Fundraising is underway for NTR and Legal & General Investment Management‘s first joint clean energy vehicle, which is set to be markedly bigger than NTR’s previous undertakings, senior leaders from the two firms told Infrastructure Investor.
The new L&G NTR Clean Power (Europe) fund – LGIM’s first infrastructure equity vehicle – will invest in opportunities in wind and solar in the wider Eurozone, with up to 20 percent of the 10-year, closed-end vehicle allocated to non-eurozone assets (e.g. the UK).
The fund is coming up to first close, although the partners declined to disclose its size or the target size of the vehicle.
A good match
“We’ve been looking at the energy transition opportunity for some time, partly based on the growing and demonstrable investor demand that we see, and partly because there is a very exciting opportunity to fund into a space where private capital is going to become more important against the background of an indebted public sector.”
“LGIM has got a client base that absolutely sees the appeal, and NTR has a business with a proven track record and deployment,” Hughes adds.
NTR’s chief executive, Rosheen McGuckian, is equally keen on the partnership: “We’re a specialised team that is quite independent and quite nimble. We recognised that funds are getting bigger, and we wanted to accelerate our growth whilst keeping that independence and speciality. We felt that the best way to achieve that was to partner with someone who could bring additional institutional appetite and access to institutions, and take on the stewardship while leaving us to focus on what we like to do and do very well: accessing the transactions and then develop, construct and optimise the assets.”
The new fund will be significantly larger than previous NTR vehicles. Is 2018-vintage second fund – which was originally targeting €500 million and closed on €350 million – is now 95 percent committed.
Looking to profit
L&G NTR Clean Power (Europe) is targeting returns in the “high single digits”, McGuckian told us.
The target investment period is less than four years. “Investors are interested in confidence about deployment as they don’t want to be held in a queue for a very long time,” says Hughes, who’s seeing global interest in European renewables.
“There’s a lot of commitment in Asia to this particular energy transition story. We’re seeing a lot of capital and there are large pools of capital there that want to export into other markets,” Hughes explains.
The average ticket size will be between €30 million to €100 million, and the level of debt to equity will be lower than in previous NTR funds.
“Even before interest rates started to go up, we had assumed a lower debt-to-equity ratio than previously, given there are slightly more merchant revenues in the mix. Merchant revenues tend to correlate with inflation but you would want to take a more conservative approach to the amount of debt, to allow for any movement in power prices. Also, debt is more expensive than it has been in recent years and a lower debt structure is preferable to maintain net yields for investors in the earlier years,” says McGuckian.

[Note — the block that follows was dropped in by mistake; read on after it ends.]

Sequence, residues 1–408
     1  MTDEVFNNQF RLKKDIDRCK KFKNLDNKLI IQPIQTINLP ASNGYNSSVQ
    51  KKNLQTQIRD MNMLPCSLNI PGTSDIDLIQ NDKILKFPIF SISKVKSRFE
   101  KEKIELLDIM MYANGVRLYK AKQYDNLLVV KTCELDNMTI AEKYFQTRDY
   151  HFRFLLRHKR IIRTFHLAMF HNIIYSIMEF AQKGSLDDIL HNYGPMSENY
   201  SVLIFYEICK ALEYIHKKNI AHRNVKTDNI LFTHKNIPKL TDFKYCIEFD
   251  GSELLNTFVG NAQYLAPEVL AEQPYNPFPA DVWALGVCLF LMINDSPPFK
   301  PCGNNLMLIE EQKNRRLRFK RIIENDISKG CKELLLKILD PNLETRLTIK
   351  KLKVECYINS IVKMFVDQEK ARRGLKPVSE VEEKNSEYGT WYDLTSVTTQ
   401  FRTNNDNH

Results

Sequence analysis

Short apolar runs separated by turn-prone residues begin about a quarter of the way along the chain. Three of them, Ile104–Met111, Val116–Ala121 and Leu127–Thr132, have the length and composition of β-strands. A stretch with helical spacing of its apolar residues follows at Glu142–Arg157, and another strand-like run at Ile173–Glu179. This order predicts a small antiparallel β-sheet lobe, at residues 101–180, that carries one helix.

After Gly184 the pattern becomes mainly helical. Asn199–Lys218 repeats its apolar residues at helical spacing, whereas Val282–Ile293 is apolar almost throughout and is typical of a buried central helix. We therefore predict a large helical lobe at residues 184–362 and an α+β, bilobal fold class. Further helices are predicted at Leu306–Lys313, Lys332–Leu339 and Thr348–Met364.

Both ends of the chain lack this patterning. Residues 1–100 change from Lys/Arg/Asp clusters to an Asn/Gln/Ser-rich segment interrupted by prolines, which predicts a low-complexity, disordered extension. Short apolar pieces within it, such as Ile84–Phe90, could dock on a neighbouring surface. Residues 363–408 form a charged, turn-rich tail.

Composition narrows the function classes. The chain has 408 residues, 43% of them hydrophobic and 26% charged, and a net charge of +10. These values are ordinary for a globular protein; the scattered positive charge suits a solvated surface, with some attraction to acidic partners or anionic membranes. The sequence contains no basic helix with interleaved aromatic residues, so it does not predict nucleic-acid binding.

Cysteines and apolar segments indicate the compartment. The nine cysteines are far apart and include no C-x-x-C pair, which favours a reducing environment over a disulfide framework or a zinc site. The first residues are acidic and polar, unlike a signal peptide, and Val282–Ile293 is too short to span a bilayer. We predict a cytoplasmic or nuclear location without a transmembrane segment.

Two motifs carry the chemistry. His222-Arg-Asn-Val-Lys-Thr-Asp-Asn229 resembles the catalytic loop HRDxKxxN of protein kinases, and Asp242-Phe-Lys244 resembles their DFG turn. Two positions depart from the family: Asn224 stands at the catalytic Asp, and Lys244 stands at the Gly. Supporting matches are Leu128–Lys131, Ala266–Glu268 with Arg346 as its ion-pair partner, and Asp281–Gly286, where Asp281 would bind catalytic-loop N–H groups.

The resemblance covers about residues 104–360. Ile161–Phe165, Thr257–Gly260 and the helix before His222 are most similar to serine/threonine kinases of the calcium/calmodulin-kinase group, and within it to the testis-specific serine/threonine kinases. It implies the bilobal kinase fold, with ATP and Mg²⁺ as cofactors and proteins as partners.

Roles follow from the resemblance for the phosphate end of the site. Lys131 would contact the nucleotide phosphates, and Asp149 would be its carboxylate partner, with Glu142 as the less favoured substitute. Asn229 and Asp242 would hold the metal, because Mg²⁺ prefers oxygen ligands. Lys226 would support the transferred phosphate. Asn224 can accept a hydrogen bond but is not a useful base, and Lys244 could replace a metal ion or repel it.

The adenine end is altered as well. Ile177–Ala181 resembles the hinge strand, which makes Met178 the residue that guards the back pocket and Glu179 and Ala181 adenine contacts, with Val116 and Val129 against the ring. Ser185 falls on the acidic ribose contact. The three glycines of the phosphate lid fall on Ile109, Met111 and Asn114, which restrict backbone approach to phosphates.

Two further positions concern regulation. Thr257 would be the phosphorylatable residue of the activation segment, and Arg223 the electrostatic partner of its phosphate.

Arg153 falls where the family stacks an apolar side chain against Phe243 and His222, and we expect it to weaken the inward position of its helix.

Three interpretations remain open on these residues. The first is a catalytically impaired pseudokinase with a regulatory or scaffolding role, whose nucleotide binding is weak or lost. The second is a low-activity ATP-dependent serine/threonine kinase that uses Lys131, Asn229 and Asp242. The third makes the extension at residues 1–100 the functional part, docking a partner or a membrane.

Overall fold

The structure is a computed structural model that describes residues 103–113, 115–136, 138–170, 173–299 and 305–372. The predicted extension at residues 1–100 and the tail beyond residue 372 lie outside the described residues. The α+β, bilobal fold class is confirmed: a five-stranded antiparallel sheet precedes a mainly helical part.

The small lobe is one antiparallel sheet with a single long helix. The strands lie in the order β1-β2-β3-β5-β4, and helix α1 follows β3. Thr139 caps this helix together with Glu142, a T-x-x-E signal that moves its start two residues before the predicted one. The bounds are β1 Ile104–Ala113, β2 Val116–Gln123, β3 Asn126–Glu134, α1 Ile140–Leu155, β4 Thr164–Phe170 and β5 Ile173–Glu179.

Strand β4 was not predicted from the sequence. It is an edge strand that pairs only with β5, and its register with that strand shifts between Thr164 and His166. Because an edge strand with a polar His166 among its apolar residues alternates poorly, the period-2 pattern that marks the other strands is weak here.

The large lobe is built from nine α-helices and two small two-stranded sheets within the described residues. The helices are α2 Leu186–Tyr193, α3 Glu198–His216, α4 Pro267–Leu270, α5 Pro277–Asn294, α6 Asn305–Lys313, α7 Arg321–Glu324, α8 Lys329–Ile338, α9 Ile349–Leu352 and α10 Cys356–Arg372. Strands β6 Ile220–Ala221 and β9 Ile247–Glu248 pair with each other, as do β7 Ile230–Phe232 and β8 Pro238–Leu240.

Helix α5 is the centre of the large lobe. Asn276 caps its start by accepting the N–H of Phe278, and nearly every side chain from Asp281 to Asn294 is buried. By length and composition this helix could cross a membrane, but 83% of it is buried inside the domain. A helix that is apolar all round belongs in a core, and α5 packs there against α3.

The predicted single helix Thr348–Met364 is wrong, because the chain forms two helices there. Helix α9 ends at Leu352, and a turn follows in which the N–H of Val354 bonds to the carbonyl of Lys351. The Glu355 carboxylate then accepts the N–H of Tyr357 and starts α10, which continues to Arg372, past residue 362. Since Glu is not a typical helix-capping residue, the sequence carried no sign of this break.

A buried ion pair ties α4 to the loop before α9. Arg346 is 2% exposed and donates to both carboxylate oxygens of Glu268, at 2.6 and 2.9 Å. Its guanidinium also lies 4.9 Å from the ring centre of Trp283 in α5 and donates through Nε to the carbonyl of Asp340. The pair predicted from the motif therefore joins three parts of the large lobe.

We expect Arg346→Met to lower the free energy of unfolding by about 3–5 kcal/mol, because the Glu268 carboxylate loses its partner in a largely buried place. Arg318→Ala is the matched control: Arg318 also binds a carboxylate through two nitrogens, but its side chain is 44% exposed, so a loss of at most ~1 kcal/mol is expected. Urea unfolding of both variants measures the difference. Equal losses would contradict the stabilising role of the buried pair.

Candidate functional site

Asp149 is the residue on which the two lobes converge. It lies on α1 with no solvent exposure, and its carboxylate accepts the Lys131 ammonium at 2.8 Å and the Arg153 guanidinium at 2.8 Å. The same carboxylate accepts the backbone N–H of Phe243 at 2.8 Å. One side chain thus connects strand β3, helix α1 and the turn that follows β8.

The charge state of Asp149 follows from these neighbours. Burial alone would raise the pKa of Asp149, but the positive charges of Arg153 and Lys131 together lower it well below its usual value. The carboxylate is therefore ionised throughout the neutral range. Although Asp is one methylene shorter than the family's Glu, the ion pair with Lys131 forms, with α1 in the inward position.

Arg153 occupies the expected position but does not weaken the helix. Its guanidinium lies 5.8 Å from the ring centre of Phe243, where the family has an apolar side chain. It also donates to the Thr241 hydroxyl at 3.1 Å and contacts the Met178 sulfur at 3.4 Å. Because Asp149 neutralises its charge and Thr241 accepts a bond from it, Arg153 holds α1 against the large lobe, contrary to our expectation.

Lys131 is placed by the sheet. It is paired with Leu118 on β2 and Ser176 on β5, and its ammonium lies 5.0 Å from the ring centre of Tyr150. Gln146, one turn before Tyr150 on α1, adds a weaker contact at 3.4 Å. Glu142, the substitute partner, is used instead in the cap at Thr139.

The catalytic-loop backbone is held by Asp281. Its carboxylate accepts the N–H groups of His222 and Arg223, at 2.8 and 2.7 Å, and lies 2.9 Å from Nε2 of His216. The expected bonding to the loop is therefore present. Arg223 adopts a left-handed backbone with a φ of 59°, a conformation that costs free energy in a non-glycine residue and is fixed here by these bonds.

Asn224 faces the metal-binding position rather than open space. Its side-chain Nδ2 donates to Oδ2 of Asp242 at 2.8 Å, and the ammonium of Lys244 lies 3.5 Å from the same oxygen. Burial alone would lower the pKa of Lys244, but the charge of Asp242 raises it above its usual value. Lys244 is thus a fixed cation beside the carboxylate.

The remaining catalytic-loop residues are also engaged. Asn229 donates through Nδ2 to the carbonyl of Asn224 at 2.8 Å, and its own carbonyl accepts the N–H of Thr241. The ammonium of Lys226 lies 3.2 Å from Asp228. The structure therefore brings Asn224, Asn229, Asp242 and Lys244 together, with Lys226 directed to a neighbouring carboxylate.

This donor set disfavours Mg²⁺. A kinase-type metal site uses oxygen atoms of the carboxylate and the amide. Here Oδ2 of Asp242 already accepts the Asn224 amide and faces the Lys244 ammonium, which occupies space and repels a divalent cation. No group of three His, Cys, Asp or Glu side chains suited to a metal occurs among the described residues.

Regionally, the fund will steer clear of Europe’s renewable champion:
“Germany is not a core market for us. While it is a very large market, it’s quite fragmented in terms of scale and size and, to be frank, we can get better returns in other European markets,” says McGuckian.
“We are already in Sweden, Finland, France, Italy, Ireland and the UK, and the intention would be to build on those markets,” she adds, though she’s keeping her options open for adding another country or two for the new fund.
The new fund will be Article 9 under the EU’s Sustainable Finance Disclosure Regulation framework. The strategy is to go for mainstream core and core-plus technologies. So while energy storage is included in the prospects, this will first and foremost mean battery storage.
“At this point in time, we would find it difficult to find a hydrogen project that we could say is proven and fully commercialised, but we are allowing ourselves to keep the optionality open for hydrogen and ammonia, etc, if it’s commercialised and proven within the investment period, says McGuckian.
There is likely to be more wind than solar developments in the portfolio, she adds. This is down to solar providing slightly lower returns than wind, and also because wind developments have more social impact given that they deliver more MWh.
The fund will predominantly focus on onshore wind, but there’s an allowance for some offshore, most likely at the operational stage, McGuckian adds. And all will be the deepest shade of green.
“Article 9 is a very important aspect of this fund for investors,” says McGuckian. “They will have different allocations, obviously in broader infrastructure and maybe energy generally, but so far as they’re looking for clear, dark green social impact, that’s where we fit firmly within their portfolio.”